The average stock in this industry has more than doubled in the past 12 months.

“The coronavirus outbreak that has battered business has left one surprising winner standing.” – Nikkei Asian Review, March 17

With markets around the world struggling to climb back from the coronavirus crash, there is still one bright spot, and it’s a welcome surprise for investors. 

Key companies in this little-known industry saw their revenue triple over the past three years, and their profits more than double.

Shares are trading at record low PE ratios. And stocks are soaring, with 18-month returns reaching as high as the mid-triple digits.[i]

These aren’t the kind of small-cap companies in an up-and-coming industry that you’d expect to see with those kinds of numbers, either.  The industry is well established, some of the companies turning in these numbers boast market caps of several hundred billion dollars.  Analysts say the growth spurt isn’t over either, calling for bottom line revenue to increase by as much as 2.3 times this year.[ii]

Hengsheng Asset Management says stocks in the industry “are expected to continue their strong performance.”[iii]

TF Securities says “the industry could be generating strong profits for the next three years.”[iv]

It will no doubt surprise you that we’re talking about pork producers. Hormel Foods (HRL) has done well over the past two years, returning 59% to investors in the last 24 months. And JBS S.A. (JBSAY), the world’s largest meat producer, has shot up 89% in the same time.

But the real opportunity for investors is in China’s publicly traded mega-pork producers.

China produces and consumes fully half of the world’s pork.[v] And nearly half of world’s 31 pork mega-producers are in China.[vi]

Companies like Muyuan Foods, with a market cap of $261 billion…New Hope Liuhe Co., with a market cap of $118 billion…and Jiangxi Zhengbang Technology Co., with a market cap of $44 billion are just a few of these behemoths.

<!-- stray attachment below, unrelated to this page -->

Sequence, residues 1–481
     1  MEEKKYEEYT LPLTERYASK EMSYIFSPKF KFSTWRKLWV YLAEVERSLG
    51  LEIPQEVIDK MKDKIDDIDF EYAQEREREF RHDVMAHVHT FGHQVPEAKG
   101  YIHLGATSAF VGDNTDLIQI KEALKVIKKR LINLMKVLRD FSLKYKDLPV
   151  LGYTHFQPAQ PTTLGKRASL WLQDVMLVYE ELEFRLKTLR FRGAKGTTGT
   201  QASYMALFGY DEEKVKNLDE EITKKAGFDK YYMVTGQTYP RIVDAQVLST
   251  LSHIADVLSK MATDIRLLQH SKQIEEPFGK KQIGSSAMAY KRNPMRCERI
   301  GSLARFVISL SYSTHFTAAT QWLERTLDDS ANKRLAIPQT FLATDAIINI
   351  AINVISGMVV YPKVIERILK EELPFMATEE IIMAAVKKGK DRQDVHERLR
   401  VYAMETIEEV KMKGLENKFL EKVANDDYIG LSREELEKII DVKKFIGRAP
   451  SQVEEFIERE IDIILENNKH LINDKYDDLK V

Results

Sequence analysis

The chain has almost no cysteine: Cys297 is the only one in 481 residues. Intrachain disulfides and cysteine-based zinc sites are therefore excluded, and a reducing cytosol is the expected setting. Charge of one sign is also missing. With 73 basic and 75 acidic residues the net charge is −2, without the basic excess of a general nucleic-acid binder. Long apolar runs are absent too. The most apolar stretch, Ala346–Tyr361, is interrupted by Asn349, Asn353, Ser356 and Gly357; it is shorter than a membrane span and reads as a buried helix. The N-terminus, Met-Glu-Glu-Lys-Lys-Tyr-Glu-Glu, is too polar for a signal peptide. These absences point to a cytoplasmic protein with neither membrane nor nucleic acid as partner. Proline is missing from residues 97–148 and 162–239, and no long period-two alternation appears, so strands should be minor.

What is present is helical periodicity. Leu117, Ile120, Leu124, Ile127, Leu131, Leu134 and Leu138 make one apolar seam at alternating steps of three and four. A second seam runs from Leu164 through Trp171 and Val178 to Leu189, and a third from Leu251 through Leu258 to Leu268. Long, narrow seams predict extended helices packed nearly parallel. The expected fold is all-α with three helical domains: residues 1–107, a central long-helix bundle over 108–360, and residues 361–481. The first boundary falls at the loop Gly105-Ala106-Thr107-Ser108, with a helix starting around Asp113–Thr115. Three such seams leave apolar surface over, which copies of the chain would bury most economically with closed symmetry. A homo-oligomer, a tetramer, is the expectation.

Now a perfect storm of conditions has put China’s large publicly traded pork producers in a very sweet spot, causing these mega-companies to suddenly act like small growth stocks.

Fueled by the world’s largest middle class

China’s rising middle class is demanding pork. Always the country’s favorite meat, few could afford to eat it except on special occasions until the boom of economic growth over the past few decades.

Today pork accounts for nearly 70% of all meat consumed in China. It is a $128 billion a year industry and its stability is a key concern of the government, which knows that quality of life for the Chinese people equates in large part to low food prices.

An outbreak of African swine fever (ASF) has shaken that stability, plunging the country’s pork output to a 16-year low and forcing up prices.  A combination of ASF and low prices of the last market cycle worked to drive small producers out of business, further constraining supply and pushing prices higher.  At the same time, the U.S.-China trade war made U.S. imports prohibitively expensive, applying further pressure on supplies and prices.

The combined result is a greater than 40% decline in supplies in 2019 and pork prices that have shot up 140% in a little more than a year.[i] Analysts expect supply to fall another 10% to 15% by year-end.[ii] Meanwhile, China’s pork producers are benefitting from skyrocketing prices, though consumers and the government are not.

While the largest, most well-known producers, most of which are listed on the Shenzhen Stock Exchange, have seen massive share price increases, there are a few less-known companies that stand to benefit most going forward.

One of them is the Nasdaq-listed company, China Xiangtai Food Co.(NASDAQ: PLIN)

China Xiangtai Food Co.(NASDAQ: PLIN) is poised to grow

With a market cap of just $40.65 million, China Xiangtai is smaller by far than multi-billion dollar pork mega-producers like Muyuan Foods or New Hope Liuhe. But even with China Xiangtai’s Nasdaq listing, investors haven’t discovered the stock yet.

That hasn’t stopped China Xiangtai from turning in some pretty impressive numbers.

While Jiangxi Zhengbang and New Hope Liuhe saw their revenue grow 17% and 13.44% respectively over the past three years, China Xiangtai tripled revenue, growing from $34.63 million to $102.55 million over the same period.

That puts China Xiangtai’s revenue growth closer to industry leader Muyuan Foods, which saw its revenue multiply by around three and a half times.

China Xiangtai (NASDAQ: PLIN) is a vertically integrated company with operations across key sections of the industry value chain, including slaughtering, packing, distribution, and wholesale of a variety of fresh pork meat and parts.